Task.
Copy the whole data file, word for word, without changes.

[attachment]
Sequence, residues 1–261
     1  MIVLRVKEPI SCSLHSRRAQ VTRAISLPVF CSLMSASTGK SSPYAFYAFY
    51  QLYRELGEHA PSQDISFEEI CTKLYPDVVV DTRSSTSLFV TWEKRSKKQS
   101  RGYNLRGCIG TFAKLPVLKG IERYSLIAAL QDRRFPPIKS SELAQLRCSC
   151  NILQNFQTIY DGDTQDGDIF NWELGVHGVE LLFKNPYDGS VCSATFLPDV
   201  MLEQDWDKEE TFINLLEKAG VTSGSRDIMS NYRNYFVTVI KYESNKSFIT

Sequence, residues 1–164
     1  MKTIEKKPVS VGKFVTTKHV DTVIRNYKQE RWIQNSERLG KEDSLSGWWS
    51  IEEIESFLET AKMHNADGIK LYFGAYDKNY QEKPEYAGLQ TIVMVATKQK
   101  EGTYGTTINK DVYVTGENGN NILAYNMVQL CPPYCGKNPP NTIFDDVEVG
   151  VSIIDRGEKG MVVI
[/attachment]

Sequence, residues 1–261
     1  MIVLRVKEPI SCSLHSRRAQ VTRAISLPVF CSLMSASTGK SSPYAFYAFY
    51  QLYRELGEHA PSQDISFEEI CTKLYPDVVV DTRSSTSLFV TWEKRSKKQS
   101  RGYNLRGCIG TFAKLPVLKG IERYSLIAAL QDRRFPPIKS SELAQLRCSC
   151  NILQNFQTIY DGDTQDGDIF NWELGVHGVE LLFKNPYDGS VCSATFLPDV
   201  MLEQDWDKEE TFINLLEKAG VTSGSRDIMS NYRNYFVTVI KYESNKSFIT

Sequence, residues 1–164
     1  MKTIEKKPVS VGKFVTTKHV DTVIRNYKQE RWIQNSERLG KEDSLSGWWS
    51  IEEIESFLET AKMHNADGIK LYFGAYDKNY QEKPEYAGLQ TIVMVATKQK
   101  EGTYGTTINK DVYVTGENGN NILAYNMVQL CPPYCGKNPP NTIFDDVEVG
   151  VSIIDRGEKG MVVI